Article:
“Oh God, one more remix?” Karan Johar rightfully asks in the reboot version of Aankh Marey in Sim mba. Bollywood musicians are increasingly looking back at old tracks and pepping them up with a sprinkle of dance music and serving them to Bollywood buffs — much to some people’s joy and to some people’s dismay. The onset of 2019 has brought along one song recreation after another. Aankh Marey, Tere bin, Chamma chamma, Paisa yeh paisa and the latest “Mungda”, which was launched on Tuesday.
Singer Subhro J Ganguly, who has forayed into Bollywood with “Paisa yeh paisa” and “Mungda” from the upcoming film “Total Dhamaal”, says recreations are like tributes to legendary composers.
“The 1970s’ and 1980s’ music was so legendary that our new generation is rediscovering it in their own way and recreating it. The current generation is dancing to those tunes and paying tribute to those legendary composers and singers, who had done those wonderful compositions. I think it is more of a tribute to them,” Ganguly told IANS over phone from Mumbai.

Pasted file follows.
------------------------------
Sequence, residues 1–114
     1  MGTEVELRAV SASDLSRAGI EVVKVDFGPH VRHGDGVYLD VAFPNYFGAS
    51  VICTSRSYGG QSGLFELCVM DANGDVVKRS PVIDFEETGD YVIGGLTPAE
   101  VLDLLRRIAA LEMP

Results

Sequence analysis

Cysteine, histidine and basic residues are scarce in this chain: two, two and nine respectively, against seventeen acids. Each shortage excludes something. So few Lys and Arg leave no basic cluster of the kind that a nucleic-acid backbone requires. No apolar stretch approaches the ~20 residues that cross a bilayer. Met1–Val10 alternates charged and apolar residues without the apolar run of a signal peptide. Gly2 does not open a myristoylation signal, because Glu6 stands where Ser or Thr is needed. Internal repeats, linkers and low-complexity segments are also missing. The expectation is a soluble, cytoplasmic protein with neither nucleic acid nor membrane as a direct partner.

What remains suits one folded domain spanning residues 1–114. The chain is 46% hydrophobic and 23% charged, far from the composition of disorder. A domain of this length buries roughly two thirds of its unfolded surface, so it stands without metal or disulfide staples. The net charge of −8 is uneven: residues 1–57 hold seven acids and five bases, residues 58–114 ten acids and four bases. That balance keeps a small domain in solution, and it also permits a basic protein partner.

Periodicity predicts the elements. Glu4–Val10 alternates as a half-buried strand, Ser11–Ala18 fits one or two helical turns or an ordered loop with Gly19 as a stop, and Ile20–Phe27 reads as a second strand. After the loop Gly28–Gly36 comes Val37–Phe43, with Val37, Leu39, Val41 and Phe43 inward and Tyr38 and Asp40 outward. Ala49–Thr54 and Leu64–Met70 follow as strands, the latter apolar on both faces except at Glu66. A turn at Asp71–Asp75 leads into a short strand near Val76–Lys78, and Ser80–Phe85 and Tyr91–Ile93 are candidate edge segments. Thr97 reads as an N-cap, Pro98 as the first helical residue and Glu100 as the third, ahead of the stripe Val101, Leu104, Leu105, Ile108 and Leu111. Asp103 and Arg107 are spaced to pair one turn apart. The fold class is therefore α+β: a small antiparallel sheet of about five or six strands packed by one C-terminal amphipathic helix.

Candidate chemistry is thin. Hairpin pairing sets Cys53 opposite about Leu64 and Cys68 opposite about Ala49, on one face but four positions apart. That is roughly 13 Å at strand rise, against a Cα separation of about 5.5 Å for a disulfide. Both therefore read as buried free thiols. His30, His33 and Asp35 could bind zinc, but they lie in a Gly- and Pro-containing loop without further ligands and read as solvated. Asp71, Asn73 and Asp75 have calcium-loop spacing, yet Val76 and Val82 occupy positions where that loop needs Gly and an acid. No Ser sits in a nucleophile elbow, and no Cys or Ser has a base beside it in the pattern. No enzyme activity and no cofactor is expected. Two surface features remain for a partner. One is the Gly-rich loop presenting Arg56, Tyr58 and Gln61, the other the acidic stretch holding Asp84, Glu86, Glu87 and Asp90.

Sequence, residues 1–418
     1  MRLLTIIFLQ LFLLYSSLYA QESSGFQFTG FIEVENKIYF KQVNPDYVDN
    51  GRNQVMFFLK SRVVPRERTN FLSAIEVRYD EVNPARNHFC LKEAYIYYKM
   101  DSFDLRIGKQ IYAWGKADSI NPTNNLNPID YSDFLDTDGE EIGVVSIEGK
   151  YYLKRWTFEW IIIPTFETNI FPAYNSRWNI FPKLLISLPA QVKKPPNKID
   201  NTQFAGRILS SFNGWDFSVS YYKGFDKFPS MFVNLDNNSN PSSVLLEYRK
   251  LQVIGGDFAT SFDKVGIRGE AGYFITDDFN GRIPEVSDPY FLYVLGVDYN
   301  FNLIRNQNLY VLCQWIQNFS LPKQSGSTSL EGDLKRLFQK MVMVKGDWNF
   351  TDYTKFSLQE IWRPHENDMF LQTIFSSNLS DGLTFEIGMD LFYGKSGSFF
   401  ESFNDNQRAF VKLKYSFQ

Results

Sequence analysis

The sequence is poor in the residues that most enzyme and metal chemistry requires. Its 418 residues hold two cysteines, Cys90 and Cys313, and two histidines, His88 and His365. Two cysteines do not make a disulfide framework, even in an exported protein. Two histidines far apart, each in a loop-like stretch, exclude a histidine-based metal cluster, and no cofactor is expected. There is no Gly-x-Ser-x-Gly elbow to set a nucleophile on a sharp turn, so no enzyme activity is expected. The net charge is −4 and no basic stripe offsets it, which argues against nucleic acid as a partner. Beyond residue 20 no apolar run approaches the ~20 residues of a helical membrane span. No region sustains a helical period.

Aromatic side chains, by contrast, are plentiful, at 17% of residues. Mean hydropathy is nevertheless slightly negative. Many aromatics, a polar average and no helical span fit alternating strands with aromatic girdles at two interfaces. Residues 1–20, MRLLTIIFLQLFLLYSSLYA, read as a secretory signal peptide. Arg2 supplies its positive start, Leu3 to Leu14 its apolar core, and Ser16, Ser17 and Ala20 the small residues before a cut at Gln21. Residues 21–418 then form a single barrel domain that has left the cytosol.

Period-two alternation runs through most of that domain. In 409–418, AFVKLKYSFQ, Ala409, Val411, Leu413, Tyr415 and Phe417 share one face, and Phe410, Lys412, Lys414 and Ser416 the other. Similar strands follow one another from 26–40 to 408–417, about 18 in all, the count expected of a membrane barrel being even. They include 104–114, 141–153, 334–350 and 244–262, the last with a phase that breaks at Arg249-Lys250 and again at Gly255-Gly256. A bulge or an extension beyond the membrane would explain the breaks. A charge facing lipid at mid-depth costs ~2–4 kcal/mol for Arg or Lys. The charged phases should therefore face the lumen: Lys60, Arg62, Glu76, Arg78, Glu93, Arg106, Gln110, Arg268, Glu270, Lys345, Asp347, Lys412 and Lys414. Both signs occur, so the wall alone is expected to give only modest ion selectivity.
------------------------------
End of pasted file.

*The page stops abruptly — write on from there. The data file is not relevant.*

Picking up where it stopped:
The original versions of “Paisa yeh paisa” and “Mungda” were picturised on actor Rishi Kapoor in the film “Karz” and “Mungda” on twinkle toes Helen in the film “Inkaar”, respectively. The recreated versions are by Gourav-Roshin.
“They have been shot really well... They are sounding fabulous and I hope these two tracks hit the club and become big,” Ganguly said.
The foot-tapping number “Chamma chamma”, originally picturised on actress Urmila Matondkar in the 1998 film “China Gate”, has got a revamped version in the latest release “Fraud Saiyyan”, starring Arshad Warsi and Saurabh Shukla.
Arshad, who also featured in the remixed version of his own song “Aankh Marey” from the 1996 film “Tere Mere Sapne”, finds the viral trend fun.
“I personally feel there is no harm in recreating songs. I did ‘Aankh Marey’ in 1996 or 1997... The whole generation did not know about the song, but today everyone knows it because they all went back and Googled it... It’s fine, and something that is nice for people to go back and see, and the new generation seeing it too,” Arshad said. (IANS)
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